Bettie Serveert: Bare Stripped Naked

Kim Kirkpatrick: Bettie Serveert is a Dutch band that has been working hard to produce new releases every year or two, starting with Palomine in 1992. That release was somewhat forced upon me (thanks, Walt). I was in a "fed up with indie-rock" zone at the time, and between the press hype and cute bobble-head Dalmatian cover, I was skeptical. Listening to three songs played back to back, "Palomine," "Kid's Alright," and "Brain-Tag," though, I was hooked. The emotionally tough (and yes, seductive) vocals of Carol van Dyks and, most importantly, the guitar work of Peter Visser had me playing the disc over and over.

Bettie Serveert has their influences. I'll let you figure most of them out—they're not hidden. The band embraces their influences and makes them their own, as creative artists are likely to do. For example, in 1998 they released Venus In Furs and Other Velvet Underground Songs, all live performances recorded in Paradiso, Amsterdam. A courageous move, one I would have serious doubts about were it not for my high appreciation of the band’s skill and intelligence. These VU covers are out of print, but well worth searching out by anyone who reads this site.

Bare Stripped Naked is the newest release from Bettie Serveert, from 2006. Most of these songs are based simply on acoustic guitar and very intimately recorded vocals. You won't have any problem understanding every word sung by Carol van Dyk—how rare is that? And equally rare: the lyrics are mighty fine—intelligent—they hold up well to repeated listening and interpretation. Overall this recording feels relaxed and highly interactive between the performers—softer, slower paced, and tasteful—the most mature release from Bettie Serveert to date. Visser’s finger picking, percussive acoustic guitar and van Dyk’s vocals are entwined and playful, and some nice bass playing fills out the songs.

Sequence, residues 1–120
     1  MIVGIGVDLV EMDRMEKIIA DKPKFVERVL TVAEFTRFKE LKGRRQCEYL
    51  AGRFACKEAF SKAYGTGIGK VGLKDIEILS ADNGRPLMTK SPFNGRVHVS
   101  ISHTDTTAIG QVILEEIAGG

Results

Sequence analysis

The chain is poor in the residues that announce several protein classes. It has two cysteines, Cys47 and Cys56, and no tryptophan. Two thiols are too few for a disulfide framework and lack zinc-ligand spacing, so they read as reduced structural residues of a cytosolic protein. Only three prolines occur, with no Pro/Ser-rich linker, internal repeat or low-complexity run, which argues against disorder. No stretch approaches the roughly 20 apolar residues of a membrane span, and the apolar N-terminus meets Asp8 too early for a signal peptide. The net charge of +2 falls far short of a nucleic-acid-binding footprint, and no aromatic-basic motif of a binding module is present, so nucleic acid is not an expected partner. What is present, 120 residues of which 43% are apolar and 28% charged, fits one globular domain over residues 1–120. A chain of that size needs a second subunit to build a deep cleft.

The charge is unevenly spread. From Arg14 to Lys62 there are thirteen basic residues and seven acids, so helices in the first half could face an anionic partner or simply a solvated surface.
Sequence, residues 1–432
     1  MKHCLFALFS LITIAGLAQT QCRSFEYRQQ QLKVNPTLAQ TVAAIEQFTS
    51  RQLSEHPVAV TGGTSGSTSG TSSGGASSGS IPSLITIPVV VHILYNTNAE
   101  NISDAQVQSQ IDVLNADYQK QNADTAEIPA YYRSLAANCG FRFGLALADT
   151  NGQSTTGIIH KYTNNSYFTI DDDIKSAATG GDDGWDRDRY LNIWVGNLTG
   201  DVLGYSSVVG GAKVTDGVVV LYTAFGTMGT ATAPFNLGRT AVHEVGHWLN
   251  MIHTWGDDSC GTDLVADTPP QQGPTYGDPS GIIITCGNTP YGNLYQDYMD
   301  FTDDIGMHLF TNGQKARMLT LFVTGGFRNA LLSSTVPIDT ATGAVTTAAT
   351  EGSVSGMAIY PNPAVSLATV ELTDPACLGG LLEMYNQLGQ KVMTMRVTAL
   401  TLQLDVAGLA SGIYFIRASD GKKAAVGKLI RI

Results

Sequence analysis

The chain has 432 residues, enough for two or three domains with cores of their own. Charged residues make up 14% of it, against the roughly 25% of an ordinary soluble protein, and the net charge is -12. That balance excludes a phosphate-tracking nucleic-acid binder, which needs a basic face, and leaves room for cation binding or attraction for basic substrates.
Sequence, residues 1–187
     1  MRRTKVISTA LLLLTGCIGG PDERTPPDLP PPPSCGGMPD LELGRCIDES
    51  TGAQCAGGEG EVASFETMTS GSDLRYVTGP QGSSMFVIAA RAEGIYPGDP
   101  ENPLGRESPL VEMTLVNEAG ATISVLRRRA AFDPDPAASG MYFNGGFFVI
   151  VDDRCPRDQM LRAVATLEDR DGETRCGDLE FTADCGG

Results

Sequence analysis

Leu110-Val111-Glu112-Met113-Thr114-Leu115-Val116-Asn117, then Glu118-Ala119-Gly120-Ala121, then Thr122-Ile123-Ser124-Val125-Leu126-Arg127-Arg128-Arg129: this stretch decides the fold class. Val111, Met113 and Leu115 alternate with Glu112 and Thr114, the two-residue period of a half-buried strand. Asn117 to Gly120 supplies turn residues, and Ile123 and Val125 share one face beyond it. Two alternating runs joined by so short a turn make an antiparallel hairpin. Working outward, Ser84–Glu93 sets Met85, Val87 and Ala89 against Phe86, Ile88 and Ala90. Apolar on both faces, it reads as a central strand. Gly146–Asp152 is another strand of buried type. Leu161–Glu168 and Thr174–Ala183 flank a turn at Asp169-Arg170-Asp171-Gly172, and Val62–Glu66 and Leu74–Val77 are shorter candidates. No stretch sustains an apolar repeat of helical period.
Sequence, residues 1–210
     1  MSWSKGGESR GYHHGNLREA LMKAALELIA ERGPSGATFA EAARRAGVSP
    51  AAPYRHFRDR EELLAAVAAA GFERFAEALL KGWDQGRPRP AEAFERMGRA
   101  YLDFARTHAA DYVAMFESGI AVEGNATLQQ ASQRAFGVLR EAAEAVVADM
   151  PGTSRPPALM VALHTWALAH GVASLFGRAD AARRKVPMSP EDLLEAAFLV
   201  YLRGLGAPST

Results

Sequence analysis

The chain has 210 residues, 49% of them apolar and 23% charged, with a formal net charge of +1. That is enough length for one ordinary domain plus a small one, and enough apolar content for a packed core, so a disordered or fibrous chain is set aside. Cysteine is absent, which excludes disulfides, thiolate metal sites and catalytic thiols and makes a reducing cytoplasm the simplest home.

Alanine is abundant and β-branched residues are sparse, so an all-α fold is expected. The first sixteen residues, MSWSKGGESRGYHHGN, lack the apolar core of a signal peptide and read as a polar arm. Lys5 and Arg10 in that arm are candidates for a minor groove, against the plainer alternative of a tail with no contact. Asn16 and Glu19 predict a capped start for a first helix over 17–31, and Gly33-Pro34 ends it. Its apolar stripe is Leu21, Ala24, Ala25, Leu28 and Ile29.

With consistency through the years, Peter Visser has created multiple tones and effects on guitar that I gobble up and repeat-play with glee. On this release he also plays electric guitar, often with a soft, hollow, jazz sound, or generally clean, electric-guitar tones. So the title, Bare Stripped Naked, is a good description of these songs—nothing flashy or overproduced, just personal, and carefully crafted from start to finish. Ah, and the last cut, "Certainlie," makes my day, with Visser letting go a bit on electric guitar. A combination of jagged Neil Young "Be on my side, I’ll be on yours" playing and a solo with the tone and feel of "Wooden Ships"!

Bare Stripped Naked comes with a second disc, a DVD of live performances and footage of the recording session.

CLICK HERE to buy this CD if you're in the U.S.

CLICK HERE to buy this CD if you're in the U.K.

1 comment:

  1. Kim, I do right like the tune of theirs that you sent me. I snagged some more. I really like the Kilgour tune too, but couldn't find any more. Booo. ttyl.